Experiences and issues with low O2 process

Infusion, Decoction, Step, etc

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Re: Experiences and issues with low O2 process

Postby Brandon » Thu Apr 28, 2016 10:40 pm

Agreed, gelatin is the last thing needed in beer. I used it once and it added no value. I've tried filtering as well, and that accomplished nothing. diatomaceous earth filter at .8 micron or whatever it was we decided was the right size, maybe if I needed a filtered beer. I know Claudius filters his beers, but I just don't have the setup to go through all that and prevent oxidation.
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Re: Experiences and issues with low O2 process

Postby Brody » Fri Apr 29, 2016 12:34 am

Fair enough, all good points. Thought was to drop out all the yeast, haze, and whatnot asap after fermentation to simulate commercial breweries filtering and not have a gap in the taps. I have 2 chest freezers - I tend to kick the 2 taps in about a month. So if I have a 2 month turnaround for beers I'll have a month gap on the taps.

If I had one of those sweet walk in freezers like Ancient Abbey it would really be a non-issue!
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Re: Experiences and issues with low O2 process

Postby Brandon » Fri Apr 29, 2016 8:30 am

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Re: Experiences and issues with low O2 process

Postby mchrispen » Fri Apr 29, 2016 8:58 pm

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Re: Experiences and issues with low O2 process

Postby narcout » Sat Apr 30, 2016 10:25 am

I use the same fermentor as Bryan R, but I attached a gas in post to a stopper so I can rack under a bit of CO2 pressure. When cold conditioning ales, I also pump in a bit of CO2 to prevent air ingress during cooling.



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Re: Experiences and issues with low O2 process

Postby Ancient Abbey » Sat Apr 30, 2016 10:30 am

I like that fitting. I may have to adapt that to my brew buckets ;)
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Re: Experiences and issues with low O2 process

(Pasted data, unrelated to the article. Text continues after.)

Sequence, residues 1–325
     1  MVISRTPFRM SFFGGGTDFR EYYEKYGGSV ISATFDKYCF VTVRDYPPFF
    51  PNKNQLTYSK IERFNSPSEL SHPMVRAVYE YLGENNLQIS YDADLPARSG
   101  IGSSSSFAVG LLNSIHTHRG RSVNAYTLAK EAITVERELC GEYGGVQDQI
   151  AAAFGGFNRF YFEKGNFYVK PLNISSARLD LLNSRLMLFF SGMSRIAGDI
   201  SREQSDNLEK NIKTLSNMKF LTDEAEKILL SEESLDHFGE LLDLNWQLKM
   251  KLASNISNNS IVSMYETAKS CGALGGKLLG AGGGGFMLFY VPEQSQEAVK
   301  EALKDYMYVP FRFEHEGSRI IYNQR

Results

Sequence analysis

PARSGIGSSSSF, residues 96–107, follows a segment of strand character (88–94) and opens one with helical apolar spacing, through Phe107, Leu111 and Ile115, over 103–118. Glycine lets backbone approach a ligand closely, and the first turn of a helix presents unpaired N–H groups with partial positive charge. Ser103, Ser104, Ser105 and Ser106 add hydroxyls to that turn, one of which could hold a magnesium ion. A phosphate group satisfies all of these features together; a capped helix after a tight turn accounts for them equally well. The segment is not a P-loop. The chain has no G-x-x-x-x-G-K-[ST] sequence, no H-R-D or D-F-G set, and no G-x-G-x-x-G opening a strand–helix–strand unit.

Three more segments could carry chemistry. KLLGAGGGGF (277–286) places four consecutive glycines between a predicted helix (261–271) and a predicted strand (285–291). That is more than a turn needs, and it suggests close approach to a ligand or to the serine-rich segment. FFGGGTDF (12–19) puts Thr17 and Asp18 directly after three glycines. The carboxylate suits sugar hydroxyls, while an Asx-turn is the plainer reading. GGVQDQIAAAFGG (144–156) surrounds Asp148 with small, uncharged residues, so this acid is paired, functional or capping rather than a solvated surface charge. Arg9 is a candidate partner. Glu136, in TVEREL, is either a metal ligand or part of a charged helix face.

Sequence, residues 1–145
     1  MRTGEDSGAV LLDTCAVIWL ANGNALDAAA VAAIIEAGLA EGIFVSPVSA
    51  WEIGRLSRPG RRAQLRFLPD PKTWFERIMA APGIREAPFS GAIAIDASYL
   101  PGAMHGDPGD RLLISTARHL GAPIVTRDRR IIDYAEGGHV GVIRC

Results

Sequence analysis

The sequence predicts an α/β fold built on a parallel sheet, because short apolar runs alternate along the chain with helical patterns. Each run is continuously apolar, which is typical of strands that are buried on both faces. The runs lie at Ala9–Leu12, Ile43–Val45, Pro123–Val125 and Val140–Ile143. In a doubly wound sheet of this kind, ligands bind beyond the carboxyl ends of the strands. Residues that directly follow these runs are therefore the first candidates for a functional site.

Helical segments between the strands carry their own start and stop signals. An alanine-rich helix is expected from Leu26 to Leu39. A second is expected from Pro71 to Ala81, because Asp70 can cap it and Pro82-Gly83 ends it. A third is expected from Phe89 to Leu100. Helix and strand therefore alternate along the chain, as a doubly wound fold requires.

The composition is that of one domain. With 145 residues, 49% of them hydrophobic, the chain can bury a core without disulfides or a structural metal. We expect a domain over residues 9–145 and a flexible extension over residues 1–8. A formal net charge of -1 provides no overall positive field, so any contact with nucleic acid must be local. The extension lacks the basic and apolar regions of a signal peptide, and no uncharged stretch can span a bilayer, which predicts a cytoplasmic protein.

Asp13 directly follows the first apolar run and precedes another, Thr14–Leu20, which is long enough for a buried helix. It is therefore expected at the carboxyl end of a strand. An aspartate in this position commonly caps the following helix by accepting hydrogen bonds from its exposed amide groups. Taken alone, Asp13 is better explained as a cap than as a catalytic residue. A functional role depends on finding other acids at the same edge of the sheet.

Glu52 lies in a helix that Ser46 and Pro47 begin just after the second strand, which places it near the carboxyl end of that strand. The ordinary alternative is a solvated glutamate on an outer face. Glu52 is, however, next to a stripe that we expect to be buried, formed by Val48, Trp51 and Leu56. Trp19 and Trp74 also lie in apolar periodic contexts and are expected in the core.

Postby narcout » Sat Apr 30, 2016 10:56 am

These are the parts I used:

http://www.homebrewing.org/SS-14-MFL-x- ... _3607.html

http://www.amazon.com/Corny-Plug-Adapte ... B004I855H8

http://www.northernbrewer.com/plug-asse ... -ball-lock

The hole in the pre-drilled #2 stopped was too large for the 1/4" barb, so I bought a solid stopped and drilled a smaller hole myself.
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Re: Experiences and issues with low O2 process

Postby jddevinn » Wed May 25, 2016 4:17 pm

I've been transferring to "brite" tanks (kegs modified with CO2 stones) using a closed transfer to "purged" (filled with sanitizer and then emptied with a CO2 push) for a while. After the beer is carbonated I then closed transfer to another "purged" keg for serving. This allows sediment to drop out twice and I get perfectly clear beer, the keg can be moved and the beer is still clear.

I'm looking to implement the low oxygen brewing and believe I can make all the hot side adjustments fairly easily. However, I do not want to get rid of by "brite" tank procedure and move to a spudding setup. I know that even "purging" the kegs as I do leaves quite a bit of oxygen in the lid of the corny due to the physical design of the kegs.

My question here is has anyone used a combination steam/inert gas process for purging kegs such as what commercial keg cleaners use? I'm thinking of a steam source such as what Yuri_Rage used back in the day for steam infusion mashing (god that O2 uptake must be crazy!!! :cry: ) as a sanitizer and to push the air out of the keg, then slight (1psi or so) CO2 pressure to prevent a vacuum from forming when the steam condenses.
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Re: Experiences and issues with low O2 process

Postby Brandon » Wed May 25, 2016 4:26 pm

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Re: Experiences and issues with low O2 process

Postby Techbrau » Wed May 25, 2016 4:35 pm

It might be possible for you to do a steam purge on your final serving keg and get super low oxygen levels. It's worth looking into.

I would suggest moving to spunding to carbonate though. The food grade CO2 you're likely using isn't pure and typically contains approx 30 ppm oxygen, which will by itself introduce 0.15 ppm DO in your finished beer at a standard 2.5 volumes carbonation level.
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